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Local Dishes in Antarctica

Antarctica

Let’s be fair, there are not very many people who live in Antarcica.  So it begs the question of whether Local dishes in Antarctica really exist. Based on the IAATO treaty no permanent residence in allowed on this vast desolate continent unless it is for scientific reasons.

It is also pretty tough to eat or for the immigrants to have impacted on native culinary culture, as this did not really exist as it does in other countries.

The climate also means that cultivating fresh produce is near on impossible without a huge amount of human intervention and effort.  Scientists who live in Antarctica primarily eat canned and dried goods that have been imported from their home countries.

However if you ask anyone who have visited Antarctica there are two items that always come at the top of the list of what should be traditional Antarctic food-  The local dishes in Antarctica are Pemmican and Sledging Biscuits.

All the explorers of Antarctica ate Pemmican and sledging biscuits as they provided the most energy per weight in value.  Most of the history books would quote this being 6,500 calories for 2 sledging biscuits with 1 tin of Pemmican.  This food literally meant the difference between life and death.  Hypothermia set in quickly to a hungry man and so with this fat and carbohydrate rich diet men could push themselves to their own limits, into the wilderness and literally claim to be the first men who stood on the bottom of the world.

The icebergs in Antarctica

The icebergs in Antarctica

Unfortunately the difference between how they were produced is largely agreed to have a tragic ending.  When Robert Scott (UK) was racing Roald Ammundsen (Norway) to the ultimate victory in reaching the south pole first during late 1911 Scott failed to return.  There were a few factors that resulted in his team’s demise, but one was that the UK team excluded dried fruit from the Pemmican mixture, which resulted in scurvy and the inability for their bodies to digest the energy as effectively. Local dishes in Antarctica, well, any dish in Antarctica is perhaps more crucial than most other countries (excluding continents) anywhere else on earth.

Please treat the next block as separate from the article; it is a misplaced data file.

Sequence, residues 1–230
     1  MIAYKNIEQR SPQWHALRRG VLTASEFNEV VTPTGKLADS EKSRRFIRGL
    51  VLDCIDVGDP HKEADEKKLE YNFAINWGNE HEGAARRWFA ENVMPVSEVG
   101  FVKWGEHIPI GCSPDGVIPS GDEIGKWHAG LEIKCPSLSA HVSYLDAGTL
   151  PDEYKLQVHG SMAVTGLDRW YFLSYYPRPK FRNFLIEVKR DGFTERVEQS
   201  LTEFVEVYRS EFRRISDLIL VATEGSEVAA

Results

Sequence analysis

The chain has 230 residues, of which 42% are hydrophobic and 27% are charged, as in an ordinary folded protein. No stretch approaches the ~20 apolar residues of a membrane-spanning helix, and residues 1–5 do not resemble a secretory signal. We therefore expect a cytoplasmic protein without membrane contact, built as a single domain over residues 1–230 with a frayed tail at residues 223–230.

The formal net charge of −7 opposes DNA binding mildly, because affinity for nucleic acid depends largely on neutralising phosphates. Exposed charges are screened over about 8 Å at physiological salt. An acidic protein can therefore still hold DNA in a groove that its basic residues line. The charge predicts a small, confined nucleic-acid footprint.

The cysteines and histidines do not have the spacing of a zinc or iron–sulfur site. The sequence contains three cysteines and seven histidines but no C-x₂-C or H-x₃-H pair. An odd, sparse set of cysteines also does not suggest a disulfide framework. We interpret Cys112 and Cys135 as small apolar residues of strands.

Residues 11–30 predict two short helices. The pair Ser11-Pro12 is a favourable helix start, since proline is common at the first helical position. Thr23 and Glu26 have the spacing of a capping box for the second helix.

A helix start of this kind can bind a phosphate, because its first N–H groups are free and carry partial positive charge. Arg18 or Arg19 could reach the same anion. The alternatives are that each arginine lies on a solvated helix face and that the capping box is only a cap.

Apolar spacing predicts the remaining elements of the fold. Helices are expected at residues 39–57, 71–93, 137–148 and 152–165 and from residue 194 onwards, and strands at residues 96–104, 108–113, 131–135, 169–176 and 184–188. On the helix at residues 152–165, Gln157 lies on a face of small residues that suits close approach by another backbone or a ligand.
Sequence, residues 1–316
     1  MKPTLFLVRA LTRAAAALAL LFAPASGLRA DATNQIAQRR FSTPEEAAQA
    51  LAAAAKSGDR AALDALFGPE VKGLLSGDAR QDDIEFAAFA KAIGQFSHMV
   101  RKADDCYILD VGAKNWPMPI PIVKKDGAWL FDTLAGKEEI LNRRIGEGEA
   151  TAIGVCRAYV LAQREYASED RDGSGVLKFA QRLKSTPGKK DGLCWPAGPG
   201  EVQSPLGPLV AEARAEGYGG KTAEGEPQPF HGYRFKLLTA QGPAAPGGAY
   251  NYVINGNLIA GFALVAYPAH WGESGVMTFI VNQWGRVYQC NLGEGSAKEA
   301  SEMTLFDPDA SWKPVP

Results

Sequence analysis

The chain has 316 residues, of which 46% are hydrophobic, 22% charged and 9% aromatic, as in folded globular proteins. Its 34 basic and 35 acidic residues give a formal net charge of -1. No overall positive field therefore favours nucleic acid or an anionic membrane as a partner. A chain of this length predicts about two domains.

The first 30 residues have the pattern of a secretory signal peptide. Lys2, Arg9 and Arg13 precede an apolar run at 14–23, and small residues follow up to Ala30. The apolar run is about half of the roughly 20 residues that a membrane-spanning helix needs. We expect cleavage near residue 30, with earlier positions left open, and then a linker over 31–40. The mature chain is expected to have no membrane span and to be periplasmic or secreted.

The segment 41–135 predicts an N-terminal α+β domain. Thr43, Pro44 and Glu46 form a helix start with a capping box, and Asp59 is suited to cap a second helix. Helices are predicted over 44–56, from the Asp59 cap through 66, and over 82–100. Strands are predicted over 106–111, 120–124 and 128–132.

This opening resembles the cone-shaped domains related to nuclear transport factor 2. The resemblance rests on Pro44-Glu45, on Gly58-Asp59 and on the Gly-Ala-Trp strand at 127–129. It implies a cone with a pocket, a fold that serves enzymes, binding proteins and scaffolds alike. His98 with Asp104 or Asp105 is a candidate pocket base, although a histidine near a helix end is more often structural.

Water boat from 1800s in Antarctica

Water boat from 1800s in Antarctica

Of course there are other “staple foods” around in Antarctica, but we were not sure how well everyone would do at finding penguin or seal meat at their local butcher.  Although the South Africans and New Zealanders do have penguins arriving at their shores they are protected and do not taste very good anyway (according to historical records of course!)

British explorer buildings on Half-moon island Shetland islands

British explorer buildings on Half-moon island Shetland islands

This was the staple of any Antarctica expedition in reality and are the historical local dishes in Antarctica.  They were eaten with everything or on their own, especially when the other supplies had been eaten. They were so important that the number of days an expedition could continue was generally measured in the number of biscuits they had.  It is not surprising that people referred the them lovingly as “sledgies”. They were literally life givers and life savers.

 

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Ice cave in the Lemaire channel Antarctica

Ice cave in the Lemaire channel Antarctica

 

Antarctica Sledging Biscuits

Antarctica Sledging Biscuits are dense, crunchy and high fat and salt biscuits made specifically to keep people alive in Antarctica. When cooking sledging biscuits you simply need to avoid overcooking them. They should be pale yellow in colour rather than brown as most biscuits. Makes approx 10 Ingredients: 150g wholemeal flour ½tsp baking soda ½tsp …

Pemmican Recipe from Antarctica

The last wilderness on earth, home only to temporary scientists, penguins, seals and other wildlife, fighting for survival in a harsh subzero climate. It is no wonder that it took so long for mankind to reach this frozen continent and battle against it to unravel its mysteries. This Pemmican recipe reflects Antarctic cuisine. All the …

2 comments

  1. Ah! You are of course correct. This is the beach of the volcanic, black sand. That of course is the trouble with photos all being labelled as a string of numbers!

    It was an amazing place, even though it was a historical graveyard of the British explorers junk!

    Thanks for clarifying that Thomas

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